She added, “This is when APD intervened and showed us the way and filled in confidence about curing my son’s mental illness with the right counsel and medication. It took my son nearly seven years to gain normalcy while he showed erratic behaviour at times. We used to spend nearly Rs 5,000 for medications and travel expenses when we used to consult private hospitals outside the city. With the availability of medicines and psychiatrists at primary health care centres, we are spending Rs 20-30. My son is now employed as a security guard and is contributing to the family’s livelihood.”

‘Don’t isolate us’

Diagnosed with schizophrenia after an accident, Lakshmana is now championing mental health awareness in Davangere. From shouting at passers-by and smacking small children on their heads to speaking in fluent English and addressing people with respect, Lakshmana has come a long way in the last eight years.

“In retrospect, I believe that a person diagnosed with mental illness should not be left isolated. I lost my precious time of five to six years, doing nothing while my sister and mother worked in the fields to make a livelihood. As someone who has fought mental illness, I believe they should be engaged in some sort of work like herding sheep or farming activities. After eight years, I feel confident and ready to open up about mental illness and help people suffering the same to cure it with medical interventions,” said Lakshmana.

anisha padukone Chennappa’s family. (Express)

K T Adhish, a farmer from Channagiri taluk who was battling mental illness, said, “Two years ago, I fell unconscious and hit a hard surface, which gave me sleepless nights. I was feeling uncomfortable from within and succumbed to depression. However, with APD advocating mental awareness, I was upfront in admitting about mental illness and reporting about it to the primary healthcare centre (PHC).”

Wading through challenges

In fact, as part of the programme, six ‘fellows’ are involved in advocacy, spreading awareness, and coordinating the rural mental programme at various levels. From helping people with mental illness get their UDID (Unique Disability ID) cards for pension benefits to fighting superstition in society, these women work at the grassroots level to streamline the mental health programme.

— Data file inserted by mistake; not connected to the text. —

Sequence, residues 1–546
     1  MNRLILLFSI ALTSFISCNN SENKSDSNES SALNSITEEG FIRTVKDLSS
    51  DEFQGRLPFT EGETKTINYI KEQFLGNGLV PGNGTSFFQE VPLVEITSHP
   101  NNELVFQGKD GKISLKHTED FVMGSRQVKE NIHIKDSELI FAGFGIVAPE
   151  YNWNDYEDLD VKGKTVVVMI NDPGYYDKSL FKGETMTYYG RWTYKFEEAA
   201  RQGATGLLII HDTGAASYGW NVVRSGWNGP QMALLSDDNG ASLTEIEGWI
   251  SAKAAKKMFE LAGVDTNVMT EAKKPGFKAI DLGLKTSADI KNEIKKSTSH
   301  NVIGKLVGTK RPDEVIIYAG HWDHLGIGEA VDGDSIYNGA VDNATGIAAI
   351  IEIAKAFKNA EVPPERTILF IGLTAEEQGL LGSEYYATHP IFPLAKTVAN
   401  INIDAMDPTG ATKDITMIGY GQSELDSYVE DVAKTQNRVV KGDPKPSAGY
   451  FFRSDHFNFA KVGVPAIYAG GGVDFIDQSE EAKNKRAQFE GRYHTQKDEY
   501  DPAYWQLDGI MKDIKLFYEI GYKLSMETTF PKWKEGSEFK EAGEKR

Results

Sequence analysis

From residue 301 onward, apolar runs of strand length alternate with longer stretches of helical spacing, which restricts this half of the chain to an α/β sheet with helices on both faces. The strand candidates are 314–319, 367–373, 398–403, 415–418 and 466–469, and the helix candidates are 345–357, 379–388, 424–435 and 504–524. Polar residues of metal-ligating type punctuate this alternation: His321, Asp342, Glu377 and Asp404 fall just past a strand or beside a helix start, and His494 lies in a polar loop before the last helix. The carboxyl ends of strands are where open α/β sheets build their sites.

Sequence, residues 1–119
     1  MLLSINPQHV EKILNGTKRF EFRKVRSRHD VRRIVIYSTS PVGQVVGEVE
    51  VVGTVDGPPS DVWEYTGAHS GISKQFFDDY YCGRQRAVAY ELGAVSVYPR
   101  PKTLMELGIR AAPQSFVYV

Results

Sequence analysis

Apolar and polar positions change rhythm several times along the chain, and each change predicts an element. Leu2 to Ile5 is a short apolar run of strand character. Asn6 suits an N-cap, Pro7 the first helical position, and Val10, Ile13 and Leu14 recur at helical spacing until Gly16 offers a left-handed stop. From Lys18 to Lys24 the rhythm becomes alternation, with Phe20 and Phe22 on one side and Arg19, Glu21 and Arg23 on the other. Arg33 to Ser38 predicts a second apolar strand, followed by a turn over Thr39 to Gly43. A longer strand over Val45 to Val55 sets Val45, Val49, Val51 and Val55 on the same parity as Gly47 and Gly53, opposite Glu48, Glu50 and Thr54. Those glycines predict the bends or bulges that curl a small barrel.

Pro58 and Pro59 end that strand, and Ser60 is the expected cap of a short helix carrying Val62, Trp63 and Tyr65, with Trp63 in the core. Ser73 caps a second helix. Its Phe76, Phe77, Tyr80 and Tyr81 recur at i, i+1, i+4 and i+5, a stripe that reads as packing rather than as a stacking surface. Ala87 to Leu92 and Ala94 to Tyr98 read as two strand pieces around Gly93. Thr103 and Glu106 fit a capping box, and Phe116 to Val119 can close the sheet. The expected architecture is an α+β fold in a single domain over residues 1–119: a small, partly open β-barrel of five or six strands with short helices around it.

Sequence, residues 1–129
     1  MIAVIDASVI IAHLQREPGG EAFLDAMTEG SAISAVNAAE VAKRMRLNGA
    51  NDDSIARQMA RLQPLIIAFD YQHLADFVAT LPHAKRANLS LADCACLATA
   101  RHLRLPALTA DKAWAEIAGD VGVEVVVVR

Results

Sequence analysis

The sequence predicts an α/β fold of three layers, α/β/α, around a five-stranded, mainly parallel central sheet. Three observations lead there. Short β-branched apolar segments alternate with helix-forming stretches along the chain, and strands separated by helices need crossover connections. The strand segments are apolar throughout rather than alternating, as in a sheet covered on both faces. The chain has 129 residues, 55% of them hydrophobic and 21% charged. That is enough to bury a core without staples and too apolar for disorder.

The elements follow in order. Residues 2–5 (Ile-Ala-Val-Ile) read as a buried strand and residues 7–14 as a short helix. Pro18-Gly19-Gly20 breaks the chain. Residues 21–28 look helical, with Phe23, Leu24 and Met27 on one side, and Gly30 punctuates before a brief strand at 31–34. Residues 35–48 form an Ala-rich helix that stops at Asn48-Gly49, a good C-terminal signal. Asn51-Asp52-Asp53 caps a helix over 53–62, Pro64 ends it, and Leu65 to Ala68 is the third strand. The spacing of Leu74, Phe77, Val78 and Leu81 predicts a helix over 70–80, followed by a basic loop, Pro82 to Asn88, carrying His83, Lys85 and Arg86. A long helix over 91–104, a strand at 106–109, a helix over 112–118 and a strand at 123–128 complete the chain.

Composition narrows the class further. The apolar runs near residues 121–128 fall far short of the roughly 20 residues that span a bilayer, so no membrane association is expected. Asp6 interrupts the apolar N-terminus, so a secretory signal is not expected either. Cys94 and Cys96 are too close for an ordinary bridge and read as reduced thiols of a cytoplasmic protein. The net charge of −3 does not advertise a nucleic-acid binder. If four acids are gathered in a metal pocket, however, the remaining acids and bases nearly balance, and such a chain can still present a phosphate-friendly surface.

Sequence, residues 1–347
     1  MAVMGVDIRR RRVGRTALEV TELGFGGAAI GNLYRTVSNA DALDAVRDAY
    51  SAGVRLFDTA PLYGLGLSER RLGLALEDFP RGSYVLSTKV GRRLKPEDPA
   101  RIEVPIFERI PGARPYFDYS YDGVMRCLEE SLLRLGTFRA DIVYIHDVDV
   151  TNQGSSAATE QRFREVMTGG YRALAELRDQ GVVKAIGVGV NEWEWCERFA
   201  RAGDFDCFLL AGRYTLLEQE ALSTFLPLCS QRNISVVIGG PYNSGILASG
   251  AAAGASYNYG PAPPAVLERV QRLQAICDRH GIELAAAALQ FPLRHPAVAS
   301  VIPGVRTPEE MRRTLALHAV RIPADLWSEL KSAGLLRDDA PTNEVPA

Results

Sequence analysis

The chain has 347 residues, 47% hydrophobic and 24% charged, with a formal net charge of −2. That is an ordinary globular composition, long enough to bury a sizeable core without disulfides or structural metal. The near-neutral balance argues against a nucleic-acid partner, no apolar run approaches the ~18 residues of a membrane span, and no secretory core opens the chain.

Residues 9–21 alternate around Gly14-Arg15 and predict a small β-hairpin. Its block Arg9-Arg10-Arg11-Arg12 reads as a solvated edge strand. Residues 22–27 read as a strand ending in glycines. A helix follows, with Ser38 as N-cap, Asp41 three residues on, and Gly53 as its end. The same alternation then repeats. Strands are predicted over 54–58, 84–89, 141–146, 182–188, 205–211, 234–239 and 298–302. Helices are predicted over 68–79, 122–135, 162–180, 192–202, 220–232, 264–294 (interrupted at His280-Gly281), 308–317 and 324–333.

“We face a lot of challenges in implementing this programme. First, the process of applying for and obtaining UDID is an exhausting one. While physical disability is visible to the naked eye, mental illness is an unseen disability. Hence, it is hard to convince doctors while assessing people with mental illness to avail pension benefits. Second, a lot of villagers become offended and try to attack us when we advise against superstition as they believe we are hurting their religious sensibilities. At the same time, the government also needs to make efforts to make available adequate psychiatrists at PHCs for timely intervention,” said Lakshmana’s mother Yellamma.

Meanwhile, Dr Siddareddy, district mental health programme psychiatrist who has worked in Davangere, believes that in the last eight to 10 years the rural community in Davangere has made more visits to PHCs for mental illness than visiting Ukkadagatri.

anisha padukone Caregiver speaks to the people. (Express)

Out of the four patients visiting PHCs at least one or more are people suffering from mental health complications, according to Siddareddy.

“Although people who are religiously inclined still believe in superstitions and visit temples for curing mental illness, the trend has reduced over the years owing to the efforts by APD. We still advise such families to be rooted in their beliefs but also balance them out with the right medical interventions. We mostly see mental illness among middle-aged individuals because of social factors, lack of family support, poverty, and family issues among others,” said Siddareddy.

Besides Davangere, LiveLoveLaugh’s rural programme outreach extends to Gulbarga, Belagavi, and Bidar in Karnataka; Theni and Thiruvallur in Tamil Nadu; Idukki in Kerala; Chhindwara in Madhya Pradesh, Kangra in Himachal Pradesh, and Koraput and Puri in Odisha. So far, 4,314 Persons With Mental Illness have been treated, 13,005 caregivers supported, and 21,079 community leaders and 3598 ASHAs have been trained across these six states.